[In fact, the theory of geometric morphisms of toposes provides various natural ways of 'functorializing' bunches of Morita-equivalences.]

• As a matter of fact, the notion of Morita-equivalences materializes in many situations the intuitive feeling of 'looking at the same thing in different ways', meaning, for instance, describing the same structure(s) in different languages or constructing a given object in different ways.
[Concrete examples of this general remark can be found for instance in this paper, where the different constructions of the Zariski spectrum of a ring, of the Gelfand spectrum of a C*-algebra, and of the Stone-Cech compactification of a topological space are interpreted as Morita-equivalences between different theories.]

• Different ways of looking at a given mathematical theory can often be formalized as Morita-equivalences.
Indeed, different ways of describing the structures axiomatized by a given theory can often give rise to a theory written in a different language whose models (in any Grothendieck topos) can be identified, in a natural way, with those of the former theory and which is therefore Morita-equivalent to it.

• A geometric theory alone generates an infinite number of Morita-equivalences, via its 'internal dynamics'. In fact, any way of looking at a geometric theory as an exension of a geometric theory written in its signature provides a different representation of its classifying topos, as a subtopos of the classifying topos of the latter theory (cf. the duality theorem).
[An intuitive image which may help understand this remark is the following. We can think of a mathematical theory as a living organism which is born when its original axioms are given and which develops in time through the discovery of new results in it. Any collection of results which are already known to hold in the theory can be taken as axioms of a new theory of which the former theory can be viewed as an extension and hence leads, by the remark above, to a new representation of its classifying topos. Any splitting between the already known (say, the 'past' of the theory) and the potentially true (that is, the 'future' of the theory) thus gives rise to a Morita-equivalence of the theory with another one (via the duality theorem).]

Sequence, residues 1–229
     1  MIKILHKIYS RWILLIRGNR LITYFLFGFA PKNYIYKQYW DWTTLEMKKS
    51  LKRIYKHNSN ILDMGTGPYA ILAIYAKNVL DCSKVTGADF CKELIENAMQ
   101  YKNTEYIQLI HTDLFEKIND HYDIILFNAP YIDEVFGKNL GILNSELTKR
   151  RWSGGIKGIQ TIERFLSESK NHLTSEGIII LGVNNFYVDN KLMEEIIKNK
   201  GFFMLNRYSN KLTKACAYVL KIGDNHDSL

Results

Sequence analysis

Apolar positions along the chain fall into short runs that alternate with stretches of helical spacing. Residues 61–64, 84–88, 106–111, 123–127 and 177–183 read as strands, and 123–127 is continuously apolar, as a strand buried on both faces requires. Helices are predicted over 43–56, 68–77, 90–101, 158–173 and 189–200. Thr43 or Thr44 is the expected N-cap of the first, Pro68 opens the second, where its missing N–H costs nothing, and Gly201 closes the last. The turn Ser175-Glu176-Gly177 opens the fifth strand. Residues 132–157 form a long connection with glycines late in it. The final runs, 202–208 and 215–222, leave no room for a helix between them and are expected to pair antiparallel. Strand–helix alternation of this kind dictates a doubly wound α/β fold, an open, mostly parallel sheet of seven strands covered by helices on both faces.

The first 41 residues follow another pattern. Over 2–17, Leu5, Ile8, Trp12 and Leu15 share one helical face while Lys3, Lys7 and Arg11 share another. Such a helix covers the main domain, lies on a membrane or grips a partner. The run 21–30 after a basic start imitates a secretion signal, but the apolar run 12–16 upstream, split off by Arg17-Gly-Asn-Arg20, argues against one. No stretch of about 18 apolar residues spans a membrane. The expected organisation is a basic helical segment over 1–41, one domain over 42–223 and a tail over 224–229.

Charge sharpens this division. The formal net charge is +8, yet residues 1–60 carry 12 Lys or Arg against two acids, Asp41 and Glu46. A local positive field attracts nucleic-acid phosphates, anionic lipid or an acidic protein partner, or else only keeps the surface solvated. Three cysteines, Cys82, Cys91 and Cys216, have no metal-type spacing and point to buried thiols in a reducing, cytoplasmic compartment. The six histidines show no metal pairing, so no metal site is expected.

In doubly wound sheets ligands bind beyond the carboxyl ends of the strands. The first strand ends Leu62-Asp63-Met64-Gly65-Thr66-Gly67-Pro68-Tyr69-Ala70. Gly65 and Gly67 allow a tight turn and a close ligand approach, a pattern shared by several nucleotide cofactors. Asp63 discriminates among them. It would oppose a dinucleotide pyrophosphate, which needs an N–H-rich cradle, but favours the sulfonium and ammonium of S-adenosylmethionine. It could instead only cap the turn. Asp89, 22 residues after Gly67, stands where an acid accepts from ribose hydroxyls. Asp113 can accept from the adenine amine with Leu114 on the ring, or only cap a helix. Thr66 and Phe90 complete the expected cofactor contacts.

• Different sites of definition for a given topos can be interpreted logically as Morita-equivalences between different theories (in fact, the converse also holds, in the sense that any Morita-equivalence gives canonically rise to two different sites of definition of the common classifying topos). The representation theory of Grothendieck toposes in terms of sites (and, more generally, any technique that one may employ for obtaining a different site of definition for a given topos) thus constitutes an effective tool for generating Morita-equivalences. For example, (a version of) Grothendieck's Comparison Lemma asserts that for any site and any full subcategory of which is -dense (that is, for every object of there exists a -covering sieve on it generated by arrows whose domains lie in ), we have an equivalence , where is the Grothendieck topology on induced by .

• Different separating sets for a given topos (recall that a separating set for a topos is a set of objects of the topos such that any object in the topos can be covered by a family of arrows whose domains belong to the set) give rise to different sites of definition for it; indeed, for any separating set of objects of a Grothendieck topos , we have an equivalence , where is the Grothendieck topology on induced by the canonical topology on . Notice incidentally that all the sites of the form are subcanonical, and any subcanonical site of definition for the topos is, up to canonical equivalence, of this form. In particular, for any topological space  and any basis for it, we have an equivalence (as we shall see in this section and this other one, the most interesting Morita-equivalences arise when the topology can be characterized intrinsically in terms of ).